Un novelista en el Museo del Prado, by Manuel Mujica Láinez

40701744This is such an entertaining little book. The premise is very simple: an hypothetical novelist is, somehow, able to stay at the Prado Museum once its doors are closed, and he becomes the only witness to the antics the artworks get into during the night, when the characters that live in the paintings are able to leave their canvases and the sculptures their bases. From that point on, the stories are marvellous! Thanks to this novelist, we became spectators of an “elegance pageant”, of a very populated reunion of all the virgins and madonnas, of a “Sleeping Beauty” pantomime, and some very clueless group of lovers that, thinking they were being embarked to the Kythira island, were actually going in Charon’s boat to the Underworld, just to name a few of these adventures.

Sometimes, the characters behave like the people they’re representing, sometimes like the people who modeled to the artists. Sometimes they are fully aware of their identity, sometimes they have completely forgot who they were suppose to be; either way, they love to brag about the artist who painted them, specially if was one of the masters.

I highly recommend to read these stories with an art history or museum catalogue at hand, to have a more comprehensive reading, if one’s not familiar with some of this artworks.

Next time I’ll visit any museum, I’ll make up my own stories.

Advertisements

El gran teatro, by Manuel Mujica Láinez

1198569Approximate translation: The great theater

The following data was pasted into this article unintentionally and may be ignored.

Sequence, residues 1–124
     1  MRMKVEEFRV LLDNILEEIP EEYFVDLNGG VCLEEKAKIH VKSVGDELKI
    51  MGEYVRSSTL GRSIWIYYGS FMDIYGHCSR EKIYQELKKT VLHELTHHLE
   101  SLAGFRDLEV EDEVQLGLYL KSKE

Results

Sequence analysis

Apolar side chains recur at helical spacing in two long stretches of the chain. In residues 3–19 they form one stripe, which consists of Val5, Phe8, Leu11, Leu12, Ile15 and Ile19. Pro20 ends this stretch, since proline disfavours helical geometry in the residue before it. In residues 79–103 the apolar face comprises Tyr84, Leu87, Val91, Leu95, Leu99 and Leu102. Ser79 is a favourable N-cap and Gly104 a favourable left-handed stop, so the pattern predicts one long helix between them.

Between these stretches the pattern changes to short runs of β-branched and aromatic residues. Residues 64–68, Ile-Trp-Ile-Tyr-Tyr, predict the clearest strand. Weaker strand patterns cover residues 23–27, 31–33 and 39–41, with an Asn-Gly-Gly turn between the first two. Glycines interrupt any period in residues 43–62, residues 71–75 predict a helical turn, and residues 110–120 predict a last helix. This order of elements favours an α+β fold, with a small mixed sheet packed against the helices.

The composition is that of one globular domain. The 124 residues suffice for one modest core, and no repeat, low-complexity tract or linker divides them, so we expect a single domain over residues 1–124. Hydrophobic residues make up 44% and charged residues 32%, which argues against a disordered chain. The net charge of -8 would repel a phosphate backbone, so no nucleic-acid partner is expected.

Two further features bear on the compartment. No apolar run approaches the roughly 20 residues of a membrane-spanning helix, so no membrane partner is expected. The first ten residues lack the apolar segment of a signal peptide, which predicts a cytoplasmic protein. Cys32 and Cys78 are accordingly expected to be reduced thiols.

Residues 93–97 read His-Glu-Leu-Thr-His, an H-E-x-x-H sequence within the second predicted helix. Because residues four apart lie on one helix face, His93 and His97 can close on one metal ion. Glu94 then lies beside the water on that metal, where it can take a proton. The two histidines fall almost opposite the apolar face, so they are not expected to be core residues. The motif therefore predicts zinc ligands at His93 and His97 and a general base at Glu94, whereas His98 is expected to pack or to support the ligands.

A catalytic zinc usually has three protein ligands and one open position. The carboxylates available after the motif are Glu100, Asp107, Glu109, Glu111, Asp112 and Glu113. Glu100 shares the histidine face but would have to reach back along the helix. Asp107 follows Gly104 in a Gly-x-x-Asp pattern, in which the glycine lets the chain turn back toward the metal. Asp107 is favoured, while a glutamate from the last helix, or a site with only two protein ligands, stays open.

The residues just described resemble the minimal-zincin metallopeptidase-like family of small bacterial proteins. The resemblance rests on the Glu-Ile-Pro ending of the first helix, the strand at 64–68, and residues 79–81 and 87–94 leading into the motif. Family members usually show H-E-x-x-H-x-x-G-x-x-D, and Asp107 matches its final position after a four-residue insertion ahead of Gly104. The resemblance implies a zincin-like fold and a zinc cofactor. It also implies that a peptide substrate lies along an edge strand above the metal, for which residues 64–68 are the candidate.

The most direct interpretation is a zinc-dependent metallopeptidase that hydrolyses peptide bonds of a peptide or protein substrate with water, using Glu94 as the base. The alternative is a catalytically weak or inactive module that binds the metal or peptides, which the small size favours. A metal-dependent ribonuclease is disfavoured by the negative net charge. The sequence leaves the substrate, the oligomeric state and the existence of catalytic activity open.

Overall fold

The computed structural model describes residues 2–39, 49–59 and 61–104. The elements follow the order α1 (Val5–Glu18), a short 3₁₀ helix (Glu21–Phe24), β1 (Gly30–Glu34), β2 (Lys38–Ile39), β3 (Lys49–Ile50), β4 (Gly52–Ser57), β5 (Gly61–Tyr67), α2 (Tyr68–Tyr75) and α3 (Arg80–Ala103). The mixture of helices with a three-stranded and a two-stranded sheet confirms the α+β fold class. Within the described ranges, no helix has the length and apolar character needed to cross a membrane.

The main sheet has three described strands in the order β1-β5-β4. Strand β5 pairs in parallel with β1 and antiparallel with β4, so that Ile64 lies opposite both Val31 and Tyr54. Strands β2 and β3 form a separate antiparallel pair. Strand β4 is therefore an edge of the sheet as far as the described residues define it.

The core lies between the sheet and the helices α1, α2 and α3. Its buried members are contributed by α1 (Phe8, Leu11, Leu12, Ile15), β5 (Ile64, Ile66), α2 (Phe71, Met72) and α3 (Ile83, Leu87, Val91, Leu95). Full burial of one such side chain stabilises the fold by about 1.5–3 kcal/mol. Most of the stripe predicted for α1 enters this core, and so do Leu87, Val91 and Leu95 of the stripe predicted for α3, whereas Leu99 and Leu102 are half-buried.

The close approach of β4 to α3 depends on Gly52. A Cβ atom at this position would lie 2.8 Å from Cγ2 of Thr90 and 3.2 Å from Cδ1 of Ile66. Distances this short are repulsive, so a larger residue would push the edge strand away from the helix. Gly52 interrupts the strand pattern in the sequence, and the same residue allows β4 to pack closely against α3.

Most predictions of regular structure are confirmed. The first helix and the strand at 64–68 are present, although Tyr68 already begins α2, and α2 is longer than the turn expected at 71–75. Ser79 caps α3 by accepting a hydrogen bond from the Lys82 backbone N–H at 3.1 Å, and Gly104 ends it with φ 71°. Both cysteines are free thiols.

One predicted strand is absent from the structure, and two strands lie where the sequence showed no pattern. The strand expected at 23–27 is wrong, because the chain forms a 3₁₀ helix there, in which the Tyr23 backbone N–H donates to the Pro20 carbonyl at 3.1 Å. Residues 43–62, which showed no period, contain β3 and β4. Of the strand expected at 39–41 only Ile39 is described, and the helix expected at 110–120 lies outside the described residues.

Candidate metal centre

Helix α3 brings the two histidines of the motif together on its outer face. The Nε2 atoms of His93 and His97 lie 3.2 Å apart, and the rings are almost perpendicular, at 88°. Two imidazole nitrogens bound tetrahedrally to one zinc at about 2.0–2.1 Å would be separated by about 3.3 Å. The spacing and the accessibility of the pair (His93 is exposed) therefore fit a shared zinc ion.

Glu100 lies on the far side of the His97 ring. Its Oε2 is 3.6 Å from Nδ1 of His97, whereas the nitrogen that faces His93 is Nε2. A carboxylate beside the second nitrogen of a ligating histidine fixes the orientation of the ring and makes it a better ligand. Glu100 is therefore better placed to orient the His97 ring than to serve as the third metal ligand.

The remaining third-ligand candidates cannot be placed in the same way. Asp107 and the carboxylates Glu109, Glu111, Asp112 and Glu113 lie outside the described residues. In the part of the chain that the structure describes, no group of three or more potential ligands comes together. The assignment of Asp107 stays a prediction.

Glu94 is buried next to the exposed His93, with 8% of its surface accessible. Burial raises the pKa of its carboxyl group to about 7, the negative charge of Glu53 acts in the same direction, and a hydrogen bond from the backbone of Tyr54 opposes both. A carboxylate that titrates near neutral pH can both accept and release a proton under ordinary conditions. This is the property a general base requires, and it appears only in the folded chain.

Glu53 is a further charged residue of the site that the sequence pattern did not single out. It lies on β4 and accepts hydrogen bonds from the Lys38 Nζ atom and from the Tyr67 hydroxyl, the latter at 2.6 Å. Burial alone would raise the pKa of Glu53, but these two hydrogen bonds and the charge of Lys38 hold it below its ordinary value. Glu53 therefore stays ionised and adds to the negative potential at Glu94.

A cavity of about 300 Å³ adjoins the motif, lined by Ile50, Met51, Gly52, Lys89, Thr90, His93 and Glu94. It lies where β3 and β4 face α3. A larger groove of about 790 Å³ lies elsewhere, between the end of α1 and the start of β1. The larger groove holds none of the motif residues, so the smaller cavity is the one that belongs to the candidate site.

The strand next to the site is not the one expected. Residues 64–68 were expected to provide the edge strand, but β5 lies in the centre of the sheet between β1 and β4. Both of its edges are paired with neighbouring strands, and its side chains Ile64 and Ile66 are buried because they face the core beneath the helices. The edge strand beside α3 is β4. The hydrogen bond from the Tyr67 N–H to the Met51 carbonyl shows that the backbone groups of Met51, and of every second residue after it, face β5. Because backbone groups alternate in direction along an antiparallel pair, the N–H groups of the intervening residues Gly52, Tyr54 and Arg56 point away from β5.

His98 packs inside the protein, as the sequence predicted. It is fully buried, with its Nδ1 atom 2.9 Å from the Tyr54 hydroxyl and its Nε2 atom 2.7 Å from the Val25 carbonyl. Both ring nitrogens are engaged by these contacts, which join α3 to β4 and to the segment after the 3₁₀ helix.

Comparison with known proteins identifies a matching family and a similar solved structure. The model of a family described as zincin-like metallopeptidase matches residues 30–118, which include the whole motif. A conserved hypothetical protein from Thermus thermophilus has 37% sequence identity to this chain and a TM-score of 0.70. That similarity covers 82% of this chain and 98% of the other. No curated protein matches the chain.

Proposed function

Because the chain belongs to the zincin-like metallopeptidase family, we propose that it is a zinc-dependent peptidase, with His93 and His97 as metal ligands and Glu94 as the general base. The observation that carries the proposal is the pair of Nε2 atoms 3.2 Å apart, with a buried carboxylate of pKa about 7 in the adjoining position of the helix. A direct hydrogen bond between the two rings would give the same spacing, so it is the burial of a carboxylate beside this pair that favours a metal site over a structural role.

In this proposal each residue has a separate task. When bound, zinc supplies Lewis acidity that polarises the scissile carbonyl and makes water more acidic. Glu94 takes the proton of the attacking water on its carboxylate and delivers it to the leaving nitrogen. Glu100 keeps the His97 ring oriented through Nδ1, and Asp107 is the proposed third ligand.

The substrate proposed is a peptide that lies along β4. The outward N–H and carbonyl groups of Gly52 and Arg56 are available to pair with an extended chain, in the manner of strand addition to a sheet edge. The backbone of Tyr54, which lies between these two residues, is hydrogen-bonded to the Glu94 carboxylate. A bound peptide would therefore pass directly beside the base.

I never read anything from “Manucho” that I didn’t utterly love.

The great theater which the title refers to is the Colón (one of the top 5 opera houses in the world, for its size, acoustics and history, according to Wikipedia, of course), the scenery for this novel, which is structured like an opera: overture, first act, first intermission, second act, etc. Everybody who is somebody is that night there, for the premiere of Parsifal, but few of them are actually there to hear Wagner. The author describes in a very lucid and charming style the high society of the thirties in Buenos Aires, with families divided from decades, social climbing, picturesque characters, romantic affairs, delusions of grandeur, hidden homosexuality, bankruptcy and every possible ingredient. How everybody moves and talks, from the college students in the cheaper seats, to the great names in the boxes, and the violinist with honey hair. And everybody is expectant for the next grand amusement: Bebe’s ball. Few are invited, and the rest is desperately seeking for an invitation.

I’m always out of words when I have to talk about anything written by Mujica Láinez. I guess I’m just glad that I was born in the same country that he did, that he wrote in the same language I speak and that I was able to know his fantastic works.